Paul Ryan: The Silent Speaker

Paul D. Ryan was one of the few reassuring touchstones for traditional Republicans, assuring them that the GOP hadn’t completely imploded. As a result, many of the pieces written about Ryan’s decision not to run for reelection in 2018 conflate his exit with the end of a Republican Party once characterized by people like Ronald Reagan and Jack Kemp. As the party ambles through the Donald Trump wilderness, its experienced navigators continue to fall away, most notably in sight of an unfavorable wave election. Pew Research Center notes that about 38 Republican House Members will not seek reelection–a near record high. Add to that list, Paul D. Ryan whose announced departure from the House of Representatives has inspired numerous articles about his legacy.

Poring over the pieces recounting his triumphs and failings, I have found the most mystifying articles those castigating the Speaker for not “speaking out” more strongly against President Donald Trump. I truly struggle to understand this critique, if it is, in fact, made in good faith.

I think it is important to note that these articles come from a liberal perspective (there may be conservative writers criticizing Ryan on similar grounds, but I have not seen them yet). This observation matters for two reasons: first, liberals tend to overestimate the power of protesting.

For example, Ronald Brownstein writes in The Atlantic:

“Ryan blinked at confronting the president’s appeals to white racial resentments. Pressed for reaction to comments like Trump’s reported description of African nations as ‘shithole’ countries, Ryan managed to mumble the bare minimum of plausible criticism: ‘The first thing that came to my mind was very unfortunate, unhelpful.’ For most people genuinely distressed by Trump’s remarks, ‘unfortunate’ and ‘unhelpful’ were probably not the first words that came to mind; ‘racist’ and ‘xenophobic’ were.”

What exactly Brownstein believes a more forceful condemnation would have done escapes me. Donald Trump would not reflect on those comments and apologize. In fact, when Ryan said that Trump’s comments about Judge Gonzalo Curiel were an example of textbook racism, nothing changed. Of course, a decent person does not wear the label “racist” as a “badge of honor,” but I suspect that Brownstein would not characterize the President as a decent person. Who would?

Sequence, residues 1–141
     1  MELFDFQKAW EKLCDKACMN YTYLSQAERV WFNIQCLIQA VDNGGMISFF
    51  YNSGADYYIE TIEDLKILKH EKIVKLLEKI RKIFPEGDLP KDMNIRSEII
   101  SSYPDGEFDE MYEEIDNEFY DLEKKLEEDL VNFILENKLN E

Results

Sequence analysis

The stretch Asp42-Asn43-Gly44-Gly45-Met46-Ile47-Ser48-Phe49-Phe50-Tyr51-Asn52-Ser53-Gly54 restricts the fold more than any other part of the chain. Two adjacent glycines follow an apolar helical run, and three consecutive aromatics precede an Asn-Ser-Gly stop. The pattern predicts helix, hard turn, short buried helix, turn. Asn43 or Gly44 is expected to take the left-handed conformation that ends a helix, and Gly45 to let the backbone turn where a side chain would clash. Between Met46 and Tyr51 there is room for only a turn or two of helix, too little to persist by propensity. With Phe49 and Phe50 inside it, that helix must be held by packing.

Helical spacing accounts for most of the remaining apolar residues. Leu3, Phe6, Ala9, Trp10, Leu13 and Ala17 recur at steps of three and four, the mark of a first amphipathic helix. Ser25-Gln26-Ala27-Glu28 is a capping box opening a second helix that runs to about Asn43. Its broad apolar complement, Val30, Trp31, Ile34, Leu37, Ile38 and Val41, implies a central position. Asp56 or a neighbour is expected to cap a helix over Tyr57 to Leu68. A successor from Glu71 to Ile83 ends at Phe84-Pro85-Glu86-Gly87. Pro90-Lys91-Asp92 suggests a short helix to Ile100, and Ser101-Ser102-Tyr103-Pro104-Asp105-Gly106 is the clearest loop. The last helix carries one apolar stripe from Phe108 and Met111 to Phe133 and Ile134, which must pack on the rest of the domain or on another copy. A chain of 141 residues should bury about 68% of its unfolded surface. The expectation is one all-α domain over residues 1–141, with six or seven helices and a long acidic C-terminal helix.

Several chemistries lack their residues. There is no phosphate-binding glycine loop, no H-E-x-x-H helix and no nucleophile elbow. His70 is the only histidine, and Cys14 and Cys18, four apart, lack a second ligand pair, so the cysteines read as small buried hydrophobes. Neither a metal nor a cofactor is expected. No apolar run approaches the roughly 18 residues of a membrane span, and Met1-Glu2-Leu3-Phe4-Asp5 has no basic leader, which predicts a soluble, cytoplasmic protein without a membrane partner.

On the other hand, what we do know is that President Trump works with people who “say nice things” about him. So, besides obliterate any possibility that Ryan could achieve his own legislative ends, those policies once associated with Republicans, what would harsher criticism have accomplished?

This, of course, is the point, and is the second reason why this particular criticism comes from the left: Liberals want a crippled GOP. A crippled GOP can’t pass tax cuts, or curtail government spending. A crippled GOP can’t reform entitlements, and it cannot do so in Ryan’s image if Ryan is feuding with a mercurial president who has no grand vision. In other words, goading Ryan and other traditional Republicans to follow the Jeff Flake model is a surefire way to ensure that no part of a conservative agenda is served. In the face of criticism Trump doesn’t change. He tweets. The offending politician may lose his or her job, and the GOP distills, becoming even more Trumpian–even more difficult to defend.

Furthermore, Paul Ryan is not a commentator. His role in the political process is to compromise with people with whom he disagrees to win legislative victories for the people who elected him. Ryan worked with President Barack Obama and with the House Freedom Caucus to accomplish as much as he could, a task that required him to speak strategically, not emotionally. Not symbolically. Perhaps in a new role he will have the freedom to speak for himself and to solely bear the responsibility of what he says. Perhaps he will choose, still, to refrain. Either way, he hadn’t that freedom before.

As for the articles suggesting that the Trumpian changes in the GOP are forcing out thoughtful conservatives like Ryan, there can be no doubt.

Political Math